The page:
This news is encouraging because new research indicates that breast-feeding may be related to the prevention of diabetes, heart disease and other diseases that appear in adulthoodiv. Scientists, pediatricians and public health officials overwhelmingly endorse and encourage breast-feeding because of the many benefits it provides to the health and development of infants1.

 

"On average, the decline between the levels found in... 1993 and the levels found in the current study is about 40%"

Malisch and van Leeuwen. Organohalogen Compounds 60-65, Dioxin 2003, Boston MA

Women of Child-bearing Age Have Very Low Dioxin Levels

Preliminary data from the CDCv show that women of child-bearing age who live in America have some of the lowest dioxin levels in the population, regardless of their race or ethnicity. Low levels of dioxins were measured in the blood of Mexican-Americans, non-Hispanic black Americans and non-Hispanic white Americans.

According to a study by the WHO, in utero exposure to PCBs, while low, is more significant than post-natal exposure via breast-feedingvi. The CDC's preliminary data demonstrate low levels of PCBs in the blood of women of child-bearing age in all three categories of race and ethnicity--again, good news for mothers and babies.

The graph below illustrates total "TEQ" levels of American females of four age groups. Total TEQ denotes total "toxic equivalent," a quantitative measure of the combined toxicity of a mixture of dioxins and dioxin-like PCBs.

 

TCDD Levels and Age of Onset of Menstruation

On July 10, 1976, a chemical explosion in Seveso, Italy exposed the nearby population to high levels of dioxins. In 1996, a team of researchers initiated the Seveso Women's Health Study to investigate whether the female residents of Seveso are at higher risk for reproductive disease as a result of their exposure.

Recently, the researchers compared the TCDD blood levels (taken soon after the explosion) of 282 Seveso females who were pre-pubescent at the time of the exposure, with their reported age of onset of menstruation. The researchers found no relationship between this population's elevated TCDD exposures and their reported ages of onset of menstruation.

When they were children, the women in this study experienced TCDD blood levels that averaged more than 25 times higher than current typical exposure levels. The researchers are continuing to study this population. vi


Current total TEQ levels in U.S. residents, female and male, increase with age, as shown in the graph. This is due to the fact that environmental levels of dioxins and dioxin-like compounds peaked around the early 1970s, and older residents had time to bioaccumulate more TEQ when environmental levels were high. With declines in environmental levels since the early 1970s, younger people, born post-1970, have been exposed to progressively lower levels of these compounds. For that reason, the children of today will never attain the body levels of total TEQ of their grandparents. The graph below demonstrates the continual decline in dioxin TEQ levels, projecting significant "flattening" of levels across age groups by 2030.

Conclusions

Dioxins are declining in the environment and in people. New studies inform us that the rate at which TCDD is eliminated from the human body depends upon the amount of dioxin in the body. People who experience rare, high exposures eliminate dioxin more rapidly than those who have typical, low levels in their bodies.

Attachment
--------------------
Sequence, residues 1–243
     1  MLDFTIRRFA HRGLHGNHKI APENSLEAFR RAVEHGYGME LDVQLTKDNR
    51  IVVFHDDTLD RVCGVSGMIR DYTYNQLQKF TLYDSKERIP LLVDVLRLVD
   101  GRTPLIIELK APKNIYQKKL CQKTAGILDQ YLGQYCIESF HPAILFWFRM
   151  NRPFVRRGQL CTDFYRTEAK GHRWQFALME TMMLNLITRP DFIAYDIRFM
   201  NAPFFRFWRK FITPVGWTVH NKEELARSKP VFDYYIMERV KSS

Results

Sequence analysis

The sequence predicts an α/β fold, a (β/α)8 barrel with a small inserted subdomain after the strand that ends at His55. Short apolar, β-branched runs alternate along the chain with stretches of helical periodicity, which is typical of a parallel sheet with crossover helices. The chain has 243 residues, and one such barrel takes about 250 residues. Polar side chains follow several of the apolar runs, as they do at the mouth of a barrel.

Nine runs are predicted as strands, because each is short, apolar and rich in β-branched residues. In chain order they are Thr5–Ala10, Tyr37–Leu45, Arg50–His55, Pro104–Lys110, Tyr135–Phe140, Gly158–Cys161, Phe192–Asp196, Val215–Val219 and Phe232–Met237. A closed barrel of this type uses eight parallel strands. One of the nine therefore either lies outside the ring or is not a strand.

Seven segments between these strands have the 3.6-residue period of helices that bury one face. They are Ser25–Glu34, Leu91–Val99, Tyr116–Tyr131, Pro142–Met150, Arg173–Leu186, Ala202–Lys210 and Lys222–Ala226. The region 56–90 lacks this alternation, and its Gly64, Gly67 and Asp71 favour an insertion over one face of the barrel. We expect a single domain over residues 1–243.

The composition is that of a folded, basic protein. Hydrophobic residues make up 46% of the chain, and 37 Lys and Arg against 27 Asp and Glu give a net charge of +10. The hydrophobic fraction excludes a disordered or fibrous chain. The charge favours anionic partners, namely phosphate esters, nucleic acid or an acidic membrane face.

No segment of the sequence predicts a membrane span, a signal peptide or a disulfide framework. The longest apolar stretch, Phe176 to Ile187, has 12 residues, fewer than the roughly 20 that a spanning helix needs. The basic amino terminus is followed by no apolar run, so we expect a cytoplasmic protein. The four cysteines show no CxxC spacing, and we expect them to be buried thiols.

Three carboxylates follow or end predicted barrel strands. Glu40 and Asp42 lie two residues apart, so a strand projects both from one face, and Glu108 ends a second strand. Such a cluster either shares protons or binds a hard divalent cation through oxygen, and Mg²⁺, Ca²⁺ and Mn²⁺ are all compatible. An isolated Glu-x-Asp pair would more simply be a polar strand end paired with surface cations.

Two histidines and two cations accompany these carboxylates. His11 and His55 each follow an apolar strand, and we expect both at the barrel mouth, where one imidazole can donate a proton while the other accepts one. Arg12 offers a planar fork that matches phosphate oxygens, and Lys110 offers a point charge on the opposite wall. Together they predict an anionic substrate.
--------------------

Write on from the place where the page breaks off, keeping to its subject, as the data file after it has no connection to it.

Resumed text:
Dioxin elimination science sheds new light on the cancer potency of TCDD. The cancer rate in populations accidentally or occupationally exposed to dioxin has been miscalculated, based on old ideas of steady half-lives of elimination. Re-calculation, based on more accurate models of TCDD elimination, demonstrates that dioxin is probably not as potent a carcinogen as was once thought.

As dioxins decline in the environment and in people, levels in breast milk are also diminishing, good news for mothers and infants. Similarly, dioxin-like PCBs are declining, lowering in utero exposures.

Regardless of race or ethnicity, American women of child-bearing age have some of the lowest levels in the U.S. population of dioxins and dioxin-like PCBs in their bodies. Most children of today will never attain the dioxin body levels of their grandparents as environmental exposures have declined drastically.

 


1Groups endorsing breast-feeding include the World Health Organization, the American Academy of Pediatrics and LaLeche League International.

iU.S. Centers for Disease Control and Prevention (2003). Second National Report on Human Exposure to Environmental Chemicals. On-line. Available: http://www.cdc.gov/exposurereport/2nd/pdf/secondner.pdf

iiAylward, L., Hayes, S. (2002). Temporal trends in human TCDD body burden: Decreases over three decades and implications for exposure levels. Journal of Exposure Analysis and Environmental Epidemiology 12, 319-328.

iii Aylward, L., (2005, Feb. 1). Concentration-dependent elimination kinetics in humans?Impact on human cancer risk assessment. Presentation to the NAS Committee to Review EPA's Assessment of the Health Implications of Exposure to Dioxin.

ivPronczuk, J., Moy, G. and Vallenas, C. (Sept., 2004). Guest editorial: Breast milk: An optimal food, Environmental Health Perspectives, v. 112, p. A722-3.

vParaphrased from presentation of Dr. L. Needham, Centers for Disease Control and Prevention, to the NAS Review Panel for EPA's Exposure & Human Health Reassessment of TCDD & Related Compounds, February 1, 2005.

viWHO (2002). Safety evaluation of certain food additives and contaminants. WHO Food Additives Series 48. Genera: World Health Organization, 311-16.

vii Warner, M., Samuels, S., Mocarelli, P., Gerthoux, P.M., Needham, L., Patterson, D.G., Eskenazi, B. (2004). Serum dioxin concentrations and age at menarche. Environmental Health Perspectives, v. 112, 1289-92.